Driver monitoring for fatigue and distraction has become a major focus of automotive safety regulators and governments worldwide. This trend looks set to continue in SAE level 2 (partial) and 3 (conditional) semi-autonomous vehicles. If and when cars appear on the road in a highly automated mode, driver monitoring will become even more significant. Continuing just-auto/AIC's series of research snapshots, we assessed the current state of play with driver monitoring systems and some regulatory forces driving them. A driving monitoring system (DMS) uses a camera to monitor driver alertness that not only recognises the driver, but also checks his or her level of vigilance. Its purpose is to alert the driver when signs of drowsiness or distraction are detected.
In an industry characterised by elongated supply chains that stretch across the world, supply chain visibility is an increasing issue for companies looking to mitigate risk and ensure regulatory compliance. Increasingly, automotive companies are utilising blockchain technology to gain transparency on supply chain issues such as CO2 emissions and the source of cobalt (which can come with ethical questions surrounding the mining of precious minerals). Mercedes-Benz, working with a blockchain specialist called Circulor, tracks the emissions of climate relevant gases as well as the amount of secondary material along the complex supply chains of battery cell manufacturers.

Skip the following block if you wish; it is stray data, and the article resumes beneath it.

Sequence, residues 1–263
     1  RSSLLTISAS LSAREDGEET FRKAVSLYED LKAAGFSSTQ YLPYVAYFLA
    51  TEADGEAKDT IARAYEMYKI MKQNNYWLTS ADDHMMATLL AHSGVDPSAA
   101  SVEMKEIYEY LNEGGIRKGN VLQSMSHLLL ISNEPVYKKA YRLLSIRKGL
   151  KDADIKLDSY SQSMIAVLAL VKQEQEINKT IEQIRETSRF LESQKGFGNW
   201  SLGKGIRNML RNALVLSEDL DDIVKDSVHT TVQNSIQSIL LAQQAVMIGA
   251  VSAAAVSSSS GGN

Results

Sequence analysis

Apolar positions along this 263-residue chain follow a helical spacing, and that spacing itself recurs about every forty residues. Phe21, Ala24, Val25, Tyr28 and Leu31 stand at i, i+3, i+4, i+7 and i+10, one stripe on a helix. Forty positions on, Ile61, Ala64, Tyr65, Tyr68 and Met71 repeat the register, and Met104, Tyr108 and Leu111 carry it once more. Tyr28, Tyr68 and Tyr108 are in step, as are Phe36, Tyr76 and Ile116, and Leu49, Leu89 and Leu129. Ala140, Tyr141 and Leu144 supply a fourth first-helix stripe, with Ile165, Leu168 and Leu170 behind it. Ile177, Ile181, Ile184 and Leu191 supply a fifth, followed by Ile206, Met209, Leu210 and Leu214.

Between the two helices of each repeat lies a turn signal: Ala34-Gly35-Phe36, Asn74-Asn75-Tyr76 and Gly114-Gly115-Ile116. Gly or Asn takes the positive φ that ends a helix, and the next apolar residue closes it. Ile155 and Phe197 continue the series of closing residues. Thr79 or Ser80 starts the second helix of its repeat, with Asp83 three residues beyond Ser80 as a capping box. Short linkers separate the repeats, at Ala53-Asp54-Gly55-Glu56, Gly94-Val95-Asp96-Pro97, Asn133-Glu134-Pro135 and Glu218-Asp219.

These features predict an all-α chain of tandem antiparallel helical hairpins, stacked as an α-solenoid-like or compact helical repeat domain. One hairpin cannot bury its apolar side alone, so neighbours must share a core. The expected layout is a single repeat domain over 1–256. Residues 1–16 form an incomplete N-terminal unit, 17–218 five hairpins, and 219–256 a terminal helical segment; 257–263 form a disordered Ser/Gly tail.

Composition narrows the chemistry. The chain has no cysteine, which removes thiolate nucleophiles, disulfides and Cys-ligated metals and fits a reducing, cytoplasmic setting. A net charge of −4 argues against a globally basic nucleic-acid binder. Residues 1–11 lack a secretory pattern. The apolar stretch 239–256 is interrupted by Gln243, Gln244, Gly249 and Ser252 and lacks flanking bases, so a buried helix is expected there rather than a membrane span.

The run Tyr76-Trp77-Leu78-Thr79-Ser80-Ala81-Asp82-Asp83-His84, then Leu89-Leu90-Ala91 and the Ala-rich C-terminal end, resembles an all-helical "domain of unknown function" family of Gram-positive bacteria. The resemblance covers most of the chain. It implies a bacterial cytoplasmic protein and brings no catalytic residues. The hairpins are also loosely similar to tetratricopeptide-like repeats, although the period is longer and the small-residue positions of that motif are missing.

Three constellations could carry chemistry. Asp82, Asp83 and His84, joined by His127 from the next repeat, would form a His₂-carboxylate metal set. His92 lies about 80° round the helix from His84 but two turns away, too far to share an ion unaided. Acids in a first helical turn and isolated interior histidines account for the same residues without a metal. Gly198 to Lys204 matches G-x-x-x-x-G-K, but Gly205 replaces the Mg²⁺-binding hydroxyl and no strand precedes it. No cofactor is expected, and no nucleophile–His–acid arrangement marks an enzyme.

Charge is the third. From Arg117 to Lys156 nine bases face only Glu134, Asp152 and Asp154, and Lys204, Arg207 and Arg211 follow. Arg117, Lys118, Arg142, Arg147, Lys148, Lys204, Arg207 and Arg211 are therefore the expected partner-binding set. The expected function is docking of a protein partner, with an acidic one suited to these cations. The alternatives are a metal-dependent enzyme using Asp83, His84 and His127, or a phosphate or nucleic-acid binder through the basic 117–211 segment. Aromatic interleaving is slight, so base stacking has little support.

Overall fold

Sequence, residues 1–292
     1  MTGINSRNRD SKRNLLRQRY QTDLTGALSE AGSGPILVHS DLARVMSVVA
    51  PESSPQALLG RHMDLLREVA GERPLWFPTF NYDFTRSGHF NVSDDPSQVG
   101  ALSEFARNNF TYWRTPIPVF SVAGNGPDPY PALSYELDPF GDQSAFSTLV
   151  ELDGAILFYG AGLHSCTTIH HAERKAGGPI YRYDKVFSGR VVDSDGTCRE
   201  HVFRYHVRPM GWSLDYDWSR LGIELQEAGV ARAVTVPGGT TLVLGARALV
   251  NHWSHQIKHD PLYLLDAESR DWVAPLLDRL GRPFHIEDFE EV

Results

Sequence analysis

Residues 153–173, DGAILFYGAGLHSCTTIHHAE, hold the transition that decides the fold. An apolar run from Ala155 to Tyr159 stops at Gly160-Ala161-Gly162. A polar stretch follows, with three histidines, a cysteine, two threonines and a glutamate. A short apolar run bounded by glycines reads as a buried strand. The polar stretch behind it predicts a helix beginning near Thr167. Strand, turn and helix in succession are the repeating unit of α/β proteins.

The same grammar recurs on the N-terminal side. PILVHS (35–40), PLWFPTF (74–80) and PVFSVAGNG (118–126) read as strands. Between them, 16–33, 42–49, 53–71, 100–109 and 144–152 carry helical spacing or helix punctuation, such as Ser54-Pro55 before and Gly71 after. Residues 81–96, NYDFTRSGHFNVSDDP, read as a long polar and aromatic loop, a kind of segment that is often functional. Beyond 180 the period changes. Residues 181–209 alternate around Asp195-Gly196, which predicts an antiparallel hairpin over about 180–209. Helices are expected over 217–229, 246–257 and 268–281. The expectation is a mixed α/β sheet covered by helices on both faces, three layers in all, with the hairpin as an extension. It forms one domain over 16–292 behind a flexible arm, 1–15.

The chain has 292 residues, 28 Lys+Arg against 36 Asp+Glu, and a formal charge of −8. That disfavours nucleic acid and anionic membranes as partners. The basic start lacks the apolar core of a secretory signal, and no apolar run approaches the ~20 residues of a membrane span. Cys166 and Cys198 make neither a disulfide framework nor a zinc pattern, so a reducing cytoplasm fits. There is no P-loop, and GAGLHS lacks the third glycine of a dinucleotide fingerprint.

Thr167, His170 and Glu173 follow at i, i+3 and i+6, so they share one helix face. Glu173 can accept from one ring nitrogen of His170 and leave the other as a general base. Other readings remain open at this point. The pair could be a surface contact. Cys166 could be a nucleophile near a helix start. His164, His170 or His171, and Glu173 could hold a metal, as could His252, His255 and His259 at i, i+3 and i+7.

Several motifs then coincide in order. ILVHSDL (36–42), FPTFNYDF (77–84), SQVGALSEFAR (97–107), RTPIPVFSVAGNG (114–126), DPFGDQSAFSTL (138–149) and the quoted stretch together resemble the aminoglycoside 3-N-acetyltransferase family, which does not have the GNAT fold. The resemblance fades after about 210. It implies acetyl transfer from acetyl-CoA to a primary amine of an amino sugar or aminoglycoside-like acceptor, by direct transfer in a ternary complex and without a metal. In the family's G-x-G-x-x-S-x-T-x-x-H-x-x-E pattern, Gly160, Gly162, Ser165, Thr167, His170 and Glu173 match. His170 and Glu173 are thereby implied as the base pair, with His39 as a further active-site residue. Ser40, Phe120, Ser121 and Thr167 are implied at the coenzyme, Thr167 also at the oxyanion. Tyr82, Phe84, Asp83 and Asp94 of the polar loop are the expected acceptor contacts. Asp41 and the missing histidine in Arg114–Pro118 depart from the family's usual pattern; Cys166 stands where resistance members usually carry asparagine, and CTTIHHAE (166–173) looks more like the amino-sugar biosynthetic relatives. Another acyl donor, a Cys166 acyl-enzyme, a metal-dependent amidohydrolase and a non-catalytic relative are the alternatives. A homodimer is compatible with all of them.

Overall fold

Daimler's Mercedes-Benz this week announced a new strategic course that will pursue profitable growth in the luxury segment and target leadership in electric drive and car software. "In recent years we have done many things right: design, product engineering, brand rejuvenation, sales growth. As a result, we have put Mercedes back on top again. But we have not yet lived up to our full potential in terms of turning volume success into profit growth," chairman Ola Kaellenius told a virtual investor and analyst conference excitingly titled "Mercedes-Benz Strategy Update". Kaellenius also said "with this new strategy we are announcing our clear commitment to the full electrification of our product portfolio and our determination to ensure the business is fully carbon-neutral, in line with our Ambition 2039 target." That'll include six new EV models.